"They have the reputation now as good sellers among the clients in the UK."
And it is difficult to interrupt because the Albanian gangs in Britain are the last point of the chain.
Usually the brokers in Latin America agree to ship large quantities of cocaine to European ports including the Netherlands, Belgium and Spain.
From there the drugs are put on the back of a lorry and sent through to the gangs in Britain.
Meanwhile, the Telegraph reported how some remaining members of the Cali cartel were stranded in Europe and reinvented themselves as freelance fixers for gangs.
A source told the paper: "These fixers are crucial to the gangs, because without them it would be very difficult to get access quickly to all the criminal services you need, like fake documents, money laundering, front companies."
Earlier this month we told how Albanian gangs have seized control of Britain's booming cocaine market after forming an alliance with the cartels.
People will act as a broker between the cartels and the criminal organisations in Europe and the UK. They are just normal people acting as brokers.
Their 'cheap and fast' British business model has seen them dominate the drugs trade by outpricing competitors, working with local gangs and avoiding pointless bloodshed.
Two decades of success have seen Albanian drug bosses splash their dirty cash on luxury lifestyles – sporting designer clothes while driving Ferraris and Bentleys.
One of the most infamous gangs to rise is The Hellbanianz, who are based on the Gascoigne Estate in Barking, East London.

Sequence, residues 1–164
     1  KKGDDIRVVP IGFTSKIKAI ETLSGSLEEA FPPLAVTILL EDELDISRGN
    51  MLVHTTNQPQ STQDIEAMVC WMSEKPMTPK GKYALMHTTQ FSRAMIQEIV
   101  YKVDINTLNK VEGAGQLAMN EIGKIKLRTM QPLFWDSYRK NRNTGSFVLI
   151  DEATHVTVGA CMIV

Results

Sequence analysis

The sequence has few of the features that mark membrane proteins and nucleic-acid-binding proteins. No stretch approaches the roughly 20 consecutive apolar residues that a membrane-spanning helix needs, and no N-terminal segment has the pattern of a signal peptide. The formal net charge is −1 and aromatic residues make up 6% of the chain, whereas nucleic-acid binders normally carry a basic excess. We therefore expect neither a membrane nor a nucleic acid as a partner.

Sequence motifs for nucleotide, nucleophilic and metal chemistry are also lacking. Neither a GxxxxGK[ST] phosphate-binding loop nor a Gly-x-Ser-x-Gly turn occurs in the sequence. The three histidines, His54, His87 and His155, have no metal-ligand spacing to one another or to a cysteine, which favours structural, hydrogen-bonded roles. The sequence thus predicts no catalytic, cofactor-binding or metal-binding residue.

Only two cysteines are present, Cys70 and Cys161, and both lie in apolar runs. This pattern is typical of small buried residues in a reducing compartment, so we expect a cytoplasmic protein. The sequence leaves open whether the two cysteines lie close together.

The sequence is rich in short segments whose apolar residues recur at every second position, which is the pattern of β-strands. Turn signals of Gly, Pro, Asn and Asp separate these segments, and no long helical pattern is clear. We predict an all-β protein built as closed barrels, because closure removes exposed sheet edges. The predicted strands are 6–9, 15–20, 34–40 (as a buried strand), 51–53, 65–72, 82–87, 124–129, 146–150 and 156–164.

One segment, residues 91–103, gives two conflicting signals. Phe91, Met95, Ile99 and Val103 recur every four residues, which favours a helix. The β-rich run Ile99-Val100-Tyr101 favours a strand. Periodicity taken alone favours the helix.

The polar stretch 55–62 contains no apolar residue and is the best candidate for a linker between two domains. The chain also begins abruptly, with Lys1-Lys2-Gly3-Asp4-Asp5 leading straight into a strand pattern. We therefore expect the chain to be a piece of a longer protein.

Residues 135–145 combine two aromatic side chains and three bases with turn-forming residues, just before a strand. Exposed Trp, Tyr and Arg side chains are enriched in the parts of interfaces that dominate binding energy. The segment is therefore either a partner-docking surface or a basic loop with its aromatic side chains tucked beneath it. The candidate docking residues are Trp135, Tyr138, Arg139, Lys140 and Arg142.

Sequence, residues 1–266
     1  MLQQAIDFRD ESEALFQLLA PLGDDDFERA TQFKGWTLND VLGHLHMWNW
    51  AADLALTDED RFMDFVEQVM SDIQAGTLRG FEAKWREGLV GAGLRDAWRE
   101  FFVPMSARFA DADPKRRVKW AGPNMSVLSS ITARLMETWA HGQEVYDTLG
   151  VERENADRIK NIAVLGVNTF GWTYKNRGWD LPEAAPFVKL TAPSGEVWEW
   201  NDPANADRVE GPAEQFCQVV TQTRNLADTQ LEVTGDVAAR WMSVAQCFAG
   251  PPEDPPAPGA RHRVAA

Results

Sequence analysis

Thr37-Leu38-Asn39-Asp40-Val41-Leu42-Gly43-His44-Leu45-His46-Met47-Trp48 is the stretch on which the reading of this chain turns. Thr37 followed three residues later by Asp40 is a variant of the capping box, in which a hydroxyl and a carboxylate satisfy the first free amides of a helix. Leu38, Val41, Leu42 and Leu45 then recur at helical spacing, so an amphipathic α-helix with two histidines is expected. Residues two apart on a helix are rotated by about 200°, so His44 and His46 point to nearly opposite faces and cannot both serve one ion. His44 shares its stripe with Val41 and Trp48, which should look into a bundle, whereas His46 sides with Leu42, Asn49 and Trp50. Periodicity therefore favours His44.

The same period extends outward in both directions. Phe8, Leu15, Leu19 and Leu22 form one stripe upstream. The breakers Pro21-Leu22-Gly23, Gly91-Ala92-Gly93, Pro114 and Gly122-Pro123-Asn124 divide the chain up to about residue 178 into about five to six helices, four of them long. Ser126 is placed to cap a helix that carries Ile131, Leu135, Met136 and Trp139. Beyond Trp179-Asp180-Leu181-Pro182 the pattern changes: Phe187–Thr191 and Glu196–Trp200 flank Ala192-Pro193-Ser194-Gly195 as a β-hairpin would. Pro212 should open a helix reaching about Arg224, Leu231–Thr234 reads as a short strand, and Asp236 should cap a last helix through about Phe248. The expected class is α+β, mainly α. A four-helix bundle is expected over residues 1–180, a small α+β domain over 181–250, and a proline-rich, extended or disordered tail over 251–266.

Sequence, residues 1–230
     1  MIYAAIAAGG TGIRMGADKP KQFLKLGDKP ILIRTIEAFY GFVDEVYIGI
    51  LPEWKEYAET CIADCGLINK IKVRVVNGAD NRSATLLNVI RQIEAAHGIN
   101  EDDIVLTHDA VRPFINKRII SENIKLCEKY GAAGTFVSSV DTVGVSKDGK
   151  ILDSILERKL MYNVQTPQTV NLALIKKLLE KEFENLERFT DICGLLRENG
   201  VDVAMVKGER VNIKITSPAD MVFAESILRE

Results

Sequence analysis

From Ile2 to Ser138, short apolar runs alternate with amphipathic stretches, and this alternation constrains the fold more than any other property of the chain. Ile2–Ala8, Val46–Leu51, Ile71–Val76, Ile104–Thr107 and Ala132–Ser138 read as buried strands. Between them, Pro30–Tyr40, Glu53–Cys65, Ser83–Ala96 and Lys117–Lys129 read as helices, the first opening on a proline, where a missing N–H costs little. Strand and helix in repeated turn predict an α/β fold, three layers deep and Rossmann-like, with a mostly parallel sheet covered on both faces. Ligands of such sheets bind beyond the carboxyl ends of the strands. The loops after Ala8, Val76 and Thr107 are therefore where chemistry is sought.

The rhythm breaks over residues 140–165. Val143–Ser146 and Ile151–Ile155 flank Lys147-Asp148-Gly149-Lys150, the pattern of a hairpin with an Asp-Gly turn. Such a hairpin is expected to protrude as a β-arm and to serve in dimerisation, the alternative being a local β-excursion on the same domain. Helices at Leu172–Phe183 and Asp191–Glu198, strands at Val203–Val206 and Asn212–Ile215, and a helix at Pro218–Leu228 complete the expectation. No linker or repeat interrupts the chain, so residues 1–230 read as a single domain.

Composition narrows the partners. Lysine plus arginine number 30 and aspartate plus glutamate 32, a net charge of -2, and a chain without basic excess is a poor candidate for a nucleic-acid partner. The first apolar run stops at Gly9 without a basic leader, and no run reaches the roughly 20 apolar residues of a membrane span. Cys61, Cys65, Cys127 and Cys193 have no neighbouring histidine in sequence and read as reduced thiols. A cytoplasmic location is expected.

Unlike other crews, the gang love the limelight and have become known for their garish music videos on social media showing them surrounded by wads of cash, jewellery and flash motors.
The Hellbanianz are understood to traffic millions of pounds worth of drugs into the UK each year.
RISE TO THE TOP
Thousands of Albanians arrived in the UK in the late 1990s and early 2000s during a refugee crisis.
They first made their mark in Soho's sex trade, where veteran Met detectives were shocked by the routine violence they handed out to the vulernable girls they controlled.
Police sources have told how in the early 2000s they fought against Jamaican and Chinese drug gangs for control of London, to then penetrate all levels of the UK's £5billion cocaine trade.
Our expert told us: "Albanian drug gangs are everywhere in the UK but not in Liverpool.
"The local gangs protect Liverpool and will not let them in. They have been warned.
"Geographically they are probably strongest in north and east London. After that they are big in Manchester. "
But a former Liverpool crook suggested it was only a matter of time before the Albanians made their move on the port city.
The expert said that many of the gangsters use their wealth to set up cannabis farms and security firms to work as bouncers in the UK.
They often get young boys to look after their farms and watch the cash roll in away from the eyes of the police.
He explained: "In terms of the security firms the Albanians will put doormen on a nightclub which is used by drug dealers. The doormen will help the dealers to sell in a secure environment, and in return get a fee.
"That is the way it works. So they have made a lot of money over the past two decades.
"The Albanian gang members like to spend their cash on flash cars such as Ferraris, Lamborghinis, Rolls Royce and Bentleys.
"The key thing is to have a personalised registration plate. They all take cocaine and like nice holidays to Spain and Dubai."
Last year, drugs baron Curtis Warren was released from prison.
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He was previously described as the UK’s answer to Colombian cocaine kingpin Pablo Escobar.
And he was reportedly among the first UK gangster's to set up a direct link with the Latin American cartels.